Rialto Bridge

The Rialto Bridge is one of the most famous symbols of Venice. This bridge is a wonder of medieval engineering with its 28m archway, that allows even the biggest boats to pass under it, and its 500-year-old foundation built on elm and larch piles. Rialto Bridge is one of the 4 bridges that span the Grand Canal (Ponte dell’Accademia, Ponte degli Scalzi, Ponte della Costituzione).

But did you know that before the building of Ponte dell’Accademia in 1854, Rialto was the only one in the entire city? And did you know that there is a legend about the building of the bridge that involves the devil? Let’s discover it together!


The most ancient venetian settlements were located on Rivoalto island, where people exchanged goods and armed boats, and they needed a bridge to connect the two banks of the Grand Canal. The first attempt to connect the two banks was a pontoon bridge, made with boats. It was only in 1181 that the Doge ordered to build a real wooden pile bridge.

During the following centuries, the bridge collapsed and was damaged several times, but it was always restored to its previous structure. During the last restoration work, it was converted into a drawbridge, with a travelling platform in the center that allowed bigger boats to pass under it. When the bridge collapsed for the umpteenth time, a bid for the construction of a stone structure was invited. The winner was the engineer Antonio da Ponte, who won against some of the greatest architects of his time, such as Palladio, Michelangelo and Sansovino.

The construction of the new stone bridge finally started in 1589. Unfortunately, the building works took more time than expected because of unstable foundations and because of the complaints of tradesmen that could not do their job. Besides, there were strange rumors going about the building works…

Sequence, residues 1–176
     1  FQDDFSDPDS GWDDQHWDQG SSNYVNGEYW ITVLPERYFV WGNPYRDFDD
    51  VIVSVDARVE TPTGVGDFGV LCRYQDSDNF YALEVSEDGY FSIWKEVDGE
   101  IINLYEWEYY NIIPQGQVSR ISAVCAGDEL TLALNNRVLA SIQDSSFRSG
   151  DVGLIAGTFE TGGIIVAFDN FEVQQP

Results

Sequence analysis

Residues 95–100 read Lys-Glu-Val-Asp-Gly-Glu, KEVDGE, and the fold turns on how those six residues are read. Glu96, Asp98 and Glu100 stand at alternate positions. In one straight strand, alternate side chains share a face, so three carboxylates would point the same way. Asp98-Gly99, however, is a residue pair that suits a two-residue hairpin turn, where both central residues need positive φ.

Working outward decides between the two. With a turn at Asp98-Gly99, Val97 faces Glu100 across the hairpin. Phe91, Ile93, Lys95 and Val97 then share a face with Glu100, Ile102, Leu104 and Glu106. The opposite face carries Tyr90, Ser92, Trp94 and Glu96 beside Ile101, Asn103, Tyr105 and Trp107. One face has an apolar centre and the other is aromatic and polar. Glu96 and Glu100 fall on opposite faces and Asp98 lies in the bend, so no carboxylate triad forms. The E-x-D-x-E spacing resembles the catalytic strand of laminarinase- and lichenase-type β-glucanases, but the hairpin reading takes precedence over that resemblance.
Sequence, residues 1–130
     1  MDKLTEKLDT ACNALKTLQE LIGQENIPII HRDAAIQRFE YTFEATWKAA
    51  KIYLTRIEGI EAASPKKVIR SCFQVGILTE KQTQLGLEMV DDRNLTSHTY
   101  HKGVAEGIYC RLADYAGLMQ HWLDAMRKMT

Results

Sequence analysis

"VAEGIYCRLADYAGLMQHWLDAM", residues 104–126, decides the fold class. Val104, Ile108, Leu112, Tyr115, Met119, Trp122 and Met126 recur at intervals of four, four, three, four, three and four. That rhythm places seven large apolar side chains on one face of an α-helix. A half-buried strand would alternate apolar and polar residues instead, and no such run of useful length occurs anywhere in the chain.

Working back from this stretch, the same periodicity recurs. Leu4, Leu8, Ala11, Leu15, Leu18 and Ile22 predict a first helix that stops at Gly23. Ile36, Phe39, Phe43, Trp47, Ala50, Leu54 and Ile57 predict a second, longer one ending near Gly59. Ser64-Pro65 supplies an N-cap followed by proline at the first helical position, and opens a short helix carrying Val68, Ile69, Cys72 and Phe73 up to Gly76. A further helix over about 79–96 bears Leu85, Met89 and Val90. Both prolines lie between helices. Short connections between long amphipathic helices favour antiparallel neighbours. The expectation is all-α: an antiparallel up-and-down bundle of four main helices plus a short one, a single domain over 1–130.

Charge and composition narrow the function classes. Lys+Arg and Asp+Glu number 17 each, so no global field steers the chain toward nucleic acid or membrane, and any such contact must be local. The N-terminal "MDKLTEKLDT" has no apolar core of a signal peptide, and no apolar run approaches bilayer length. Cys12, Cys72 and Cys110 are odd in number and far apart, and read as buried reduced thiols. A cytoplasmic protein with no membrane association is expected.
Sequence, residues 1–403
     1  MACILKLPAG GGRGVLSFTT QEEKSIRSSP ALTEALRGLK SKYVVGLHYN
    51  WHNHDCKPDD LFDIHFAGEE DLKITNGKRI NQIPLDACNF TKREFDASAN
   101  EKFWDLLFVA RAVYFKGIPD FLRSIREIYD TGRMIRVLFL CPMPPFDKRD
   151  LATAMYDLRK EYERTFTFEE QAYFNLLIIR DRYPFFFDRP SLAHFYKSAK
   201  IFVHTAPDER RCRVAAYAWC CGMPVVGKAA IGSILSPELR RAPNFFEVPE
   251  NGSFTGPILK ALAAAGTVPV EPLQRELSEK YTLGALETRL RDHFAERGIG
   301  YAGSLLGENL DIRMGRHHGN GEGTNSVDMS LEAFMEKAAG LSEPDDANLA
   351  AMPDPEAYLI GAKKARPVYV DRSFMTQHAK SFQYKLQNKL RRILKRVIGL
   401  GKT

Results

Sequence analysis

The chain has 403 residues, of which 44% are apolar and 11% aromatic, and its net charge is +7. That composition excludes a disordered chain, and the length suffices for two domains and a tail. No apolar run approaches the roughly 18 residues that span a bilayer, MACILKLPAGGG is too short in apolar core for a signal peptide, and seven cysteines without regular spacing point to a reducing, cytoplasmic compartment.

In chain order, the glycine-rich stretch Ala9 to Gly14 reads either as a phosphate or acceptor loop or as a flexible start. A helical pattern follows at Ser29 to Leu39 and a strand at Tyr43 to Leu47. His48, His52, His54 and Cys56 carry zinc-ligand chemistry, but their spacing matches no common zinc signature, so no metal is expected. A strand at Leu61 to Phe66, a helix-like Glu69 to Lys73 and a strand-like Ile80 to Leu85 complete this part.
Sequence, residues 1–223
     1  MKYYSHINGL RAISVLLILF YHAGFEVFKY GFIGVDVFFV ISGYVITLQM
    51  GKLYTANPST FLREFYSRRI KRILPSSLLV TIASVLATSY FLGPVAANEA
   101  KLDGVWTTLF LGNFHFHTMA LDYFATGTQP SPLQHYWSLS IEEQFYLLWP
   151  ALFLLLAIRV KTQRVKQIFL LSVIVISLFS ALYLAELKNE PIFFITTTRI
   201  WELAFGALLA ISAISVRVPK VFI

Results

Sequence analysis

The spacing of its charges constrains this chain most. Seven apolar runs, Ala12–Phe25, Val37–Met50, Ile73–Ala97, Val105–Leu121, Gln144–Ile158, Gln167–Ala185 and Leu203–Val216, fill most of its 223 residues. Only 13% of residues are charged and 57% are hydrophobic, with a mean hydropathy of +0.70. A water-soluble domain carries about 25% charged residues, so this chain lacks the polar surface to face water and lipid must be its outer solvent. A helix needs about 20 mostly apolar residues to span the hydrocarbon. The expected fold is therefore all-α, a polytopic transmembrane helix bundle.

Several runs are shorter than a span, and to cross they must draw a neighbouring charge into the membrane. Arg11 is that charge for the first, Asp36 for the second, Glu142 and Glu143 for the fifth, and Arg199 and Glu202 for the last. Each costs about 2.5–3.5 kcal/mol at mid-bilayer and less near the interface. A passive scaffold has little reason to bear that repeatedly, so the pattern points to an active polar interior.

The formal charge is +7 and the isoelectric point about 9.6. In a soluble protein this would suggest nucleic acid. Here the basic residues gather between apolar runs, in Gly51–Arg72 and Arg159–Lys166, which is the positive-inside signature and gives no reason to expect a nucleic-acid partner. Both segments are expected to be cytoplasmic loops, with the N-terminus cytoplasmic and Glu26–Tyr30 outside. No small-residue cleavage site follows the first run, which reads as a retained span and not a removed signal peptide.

The legend

The people that supervised the works started rumoring that there were other reasons for the delay, creating one of the most disturbing legends of Venice. It was rumored that the building of the bridge was being hindered by the devil itself, who had a vested interest in delaying its construction.

It was said that the devil wanted to possess the first living soul to cross the bridge, and in exchange he would let Antonio da Ponte finish his work. Antonio accepted for the good of the city, but he contrived a plan to outsmart the devil: on the inauguration day, he would have a rooster be the first soul to cross the bridge. The devil discovered his trick, so he appeared to the engineer’s pregnant wife, telling her that her husband was waiting for her at the worksite. She immediately ran to the building site and crossed the bridge, so her and the baby’s souls were taken by the devil and condemned to wander for centuries.

Even If we don’t know exactly why the construction works were delayed that much, we know that the bridge was finished in 1591 with the design that all of us know so well. It became one of the most important and famous symbols of the city and it is a must-see if you’re in Venice, don’t miss it!